Although last year’s flu vaccine was the most successful yet, low vaccination rates last season have health officials worried for another low turnout this year, especially among the elderly.
Dr. Tom Frieden, the CDC director, warned, “Flu is serious. Flu is unpredictable. Flu often gets not enough respect. If we could increase vaccination coverage in this country by just five percent, that would prevent about 800,000 illnesses and nearly 10,000 hospitalizations.”
This year’s flu shot has been updated to protect against three or four flu strains which are predicted to be common during the 2016/2017 season.
Dr. Frieden added, “We also say, get it by the end of October and don’t delay. A vaccination deferred is often a vaccination forgotten. And we want to ensure as many people as possible get the flu vaccine.” Dr. Frieden received the flu shot during the announcement.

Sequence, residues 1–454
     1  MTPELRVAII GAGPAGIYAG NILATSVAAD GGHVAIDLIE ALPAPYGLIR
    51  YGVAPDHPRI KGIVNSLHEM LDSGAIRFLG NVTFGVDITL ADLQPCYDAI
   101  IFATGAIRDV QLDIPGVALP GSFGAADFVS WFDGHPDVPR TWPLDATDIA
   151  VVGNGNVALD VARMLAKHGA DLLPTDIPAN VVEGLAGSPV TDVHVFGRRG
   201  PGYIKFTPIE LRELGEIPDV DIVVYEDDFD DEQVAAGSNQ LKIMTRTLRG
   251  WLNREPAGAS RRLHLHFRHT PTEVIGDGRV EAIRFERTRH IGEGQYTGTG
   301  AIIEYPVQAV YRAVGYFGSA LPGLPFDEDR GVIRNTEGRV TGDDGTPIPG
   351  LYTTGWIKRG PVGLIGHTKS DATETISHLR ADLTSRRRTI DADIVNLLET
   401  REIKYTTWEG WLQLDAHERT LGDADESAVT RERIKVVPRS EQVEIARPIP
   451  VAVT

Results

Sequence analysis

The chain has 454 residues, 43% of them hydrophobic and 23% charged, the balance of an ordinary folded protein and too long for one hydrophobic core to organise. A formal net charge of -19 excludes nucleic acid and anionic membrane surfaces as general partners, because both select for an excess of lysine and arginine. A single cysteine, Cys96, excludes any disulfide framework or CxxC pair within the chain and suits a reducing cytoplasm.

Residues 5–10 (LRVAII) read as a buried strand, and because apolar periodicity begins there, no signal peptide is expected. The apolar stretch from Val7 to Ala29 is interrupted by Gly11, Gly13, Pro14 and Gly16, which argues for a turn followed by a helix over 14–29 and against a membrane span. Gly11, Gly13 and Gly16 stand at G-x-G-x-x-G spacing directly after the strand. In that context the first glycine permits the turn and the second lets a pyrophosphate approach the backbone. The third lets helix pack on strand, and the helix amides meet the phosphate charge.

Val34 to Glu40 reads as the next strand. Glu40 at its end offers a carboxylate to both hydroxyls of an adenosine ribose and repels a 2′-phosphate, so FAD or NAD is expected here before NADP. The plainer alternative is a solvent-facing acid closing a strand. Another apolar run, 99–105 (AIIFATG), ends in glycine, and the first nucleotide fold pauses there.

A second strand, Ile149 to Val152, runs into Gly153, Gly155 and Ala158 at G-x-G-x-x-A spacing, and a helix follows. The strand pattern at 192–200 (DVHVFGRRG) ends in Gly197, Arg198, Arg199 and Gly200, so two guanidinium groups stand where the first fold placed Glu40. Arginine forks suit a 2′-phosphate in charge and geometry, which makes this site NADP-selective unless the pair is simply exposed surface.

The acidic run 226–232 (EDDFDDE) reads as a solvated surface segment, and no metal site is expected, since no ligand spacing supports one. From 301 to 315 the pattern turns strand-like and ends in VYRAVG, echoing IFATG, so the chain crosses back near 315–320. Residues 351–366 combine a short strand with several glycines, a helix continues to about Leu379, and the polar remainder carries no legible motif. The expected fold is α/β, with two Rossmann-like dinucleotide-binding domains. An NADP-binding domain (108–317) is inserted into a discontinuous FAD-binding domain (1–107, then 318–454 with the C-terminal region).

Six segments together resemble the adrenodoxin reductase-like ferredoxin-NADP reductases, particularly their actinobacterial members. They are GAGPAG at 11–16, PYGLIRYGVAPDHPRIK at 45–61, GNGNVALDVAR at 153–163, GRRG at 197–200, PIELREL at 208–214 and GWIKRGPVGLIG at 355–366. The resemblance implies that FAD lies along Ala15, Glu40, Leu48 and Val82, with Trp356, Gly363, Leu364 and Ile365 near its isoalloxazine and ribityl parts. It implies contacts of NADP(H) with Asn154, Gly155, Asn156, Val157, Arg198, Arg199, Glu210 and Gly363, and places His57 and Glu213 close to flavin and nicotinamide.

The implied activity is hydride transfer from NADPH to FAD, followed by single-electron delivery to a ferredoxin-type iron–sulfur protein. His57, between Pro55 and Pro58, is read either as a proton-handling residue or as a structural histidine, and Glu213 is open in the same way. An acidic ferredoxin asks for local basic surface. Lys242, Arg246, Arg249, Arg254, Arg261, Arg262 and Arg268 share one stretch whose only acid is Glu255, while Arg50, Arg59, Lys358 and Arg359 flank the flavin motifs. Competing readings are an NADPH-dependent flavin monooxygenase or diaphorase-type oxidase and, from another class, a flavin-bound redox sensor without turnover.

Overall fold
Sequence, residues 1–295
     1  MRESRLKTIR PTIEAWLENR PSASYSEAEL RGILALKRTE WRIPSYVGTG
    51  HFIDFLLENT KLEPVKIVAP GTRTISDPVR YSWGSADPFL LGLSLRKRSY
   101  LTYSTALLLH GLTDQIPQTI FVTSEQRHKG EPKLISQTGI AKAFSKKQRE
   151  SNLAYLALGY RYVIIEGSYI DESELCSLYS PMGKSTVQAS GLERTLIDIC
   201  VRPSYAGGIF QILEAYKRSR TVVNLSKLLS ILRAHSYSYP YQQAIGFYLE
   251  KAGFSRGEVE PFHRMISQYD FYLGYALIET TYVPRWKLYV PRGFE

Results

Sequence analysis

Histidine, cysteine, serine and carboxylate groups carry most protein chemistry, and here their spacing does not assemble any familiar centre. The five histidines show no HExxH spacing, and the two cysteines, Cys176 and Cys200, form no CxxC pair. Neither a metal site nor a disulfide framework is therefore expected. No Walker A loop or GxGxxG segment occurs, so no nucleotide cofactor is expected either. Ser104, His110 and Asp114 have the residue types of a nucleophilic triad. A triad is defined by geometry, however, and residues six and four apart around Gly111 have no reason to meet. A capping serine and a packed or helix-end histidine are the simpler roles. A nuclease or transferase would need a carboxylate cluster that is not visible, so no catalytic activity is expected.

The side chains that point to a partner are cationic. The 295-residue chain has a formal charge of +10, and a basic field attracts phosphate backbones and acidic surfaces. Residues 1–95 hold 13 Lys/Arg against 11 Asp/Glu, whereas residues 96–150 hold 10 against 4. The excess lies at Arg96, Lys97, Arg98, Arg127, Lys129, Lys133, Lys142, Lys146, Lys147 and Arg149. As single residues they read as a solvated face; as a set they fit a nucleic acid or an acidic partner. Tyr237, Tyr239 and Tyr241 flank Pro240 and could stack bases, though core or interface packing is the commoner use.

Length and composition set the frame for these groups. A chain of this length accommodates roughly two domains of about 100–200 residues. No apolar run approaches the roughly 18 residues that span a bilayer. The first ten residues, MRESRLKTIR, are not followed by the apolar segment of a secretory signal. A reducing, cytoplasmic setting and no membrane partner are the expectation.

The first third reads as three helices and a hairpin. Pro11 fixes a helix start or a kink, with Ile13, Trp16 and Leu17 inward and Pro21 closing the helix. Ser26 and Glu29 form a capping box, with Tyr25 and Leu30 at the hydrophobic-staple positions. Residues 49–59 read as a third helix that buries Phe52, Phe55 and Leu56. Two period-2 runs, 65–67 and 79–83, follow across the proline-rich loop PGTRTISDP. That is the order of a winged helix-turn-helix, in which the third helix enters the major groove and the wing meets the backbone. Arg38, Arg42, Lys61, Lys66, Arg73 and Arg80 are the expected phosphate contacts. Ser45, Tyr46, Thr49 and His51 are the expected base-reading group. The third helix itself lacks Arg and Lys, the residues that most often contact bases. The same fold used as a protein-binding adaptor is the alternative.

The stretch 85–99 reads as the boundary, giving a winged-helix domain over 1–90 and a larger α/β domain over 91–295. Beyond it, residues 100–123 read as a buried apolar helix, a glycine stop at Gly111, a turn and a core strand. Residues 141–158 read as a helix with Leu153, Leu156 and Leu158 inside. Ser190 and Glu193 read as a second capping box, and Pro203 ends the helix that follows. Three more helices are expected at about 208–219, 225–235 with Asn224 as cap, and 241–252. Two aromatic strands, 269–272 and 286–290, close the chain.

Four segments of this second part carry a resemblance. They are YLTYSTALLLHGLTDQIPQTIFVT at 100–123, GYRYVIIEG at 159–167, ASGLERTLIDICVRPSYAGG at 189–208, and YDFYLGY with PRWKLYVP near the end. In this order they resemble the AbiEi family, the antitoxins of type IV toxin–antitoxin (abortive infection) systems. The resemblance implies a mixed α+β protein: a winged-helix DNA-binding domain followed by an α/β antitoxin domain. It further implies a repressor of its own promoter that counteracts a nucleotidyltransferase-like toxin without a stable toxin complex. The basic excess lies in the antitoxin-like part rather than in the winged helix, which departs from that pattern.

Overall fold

The largest decreases in the flu shot rates were seen among adults between the ages 50 and 64, with less than 44 percent getting vaccinated.
Seniors are at the highest risk for complications associated with the flu, so if numbers continue to drop, the risk of flu-related complications rises.
During the 2014/2015 season, over three-quarters of the nearly one million people who were hospitalized as a result of the flu were over the age of 65.
On the other hand, toddlers were seen to be the most protected, but there is a concern that these numbers will drop this year as well because the nasal spray vaccination has been pulled off the market due to its ineffectiveness. Experts urge parents who were giving their children the nasal spray to switch to the flu shot to ensure they are protected.
There’s plenty of vaccine available, so there no shortage is foreseen for this upcoming flu season.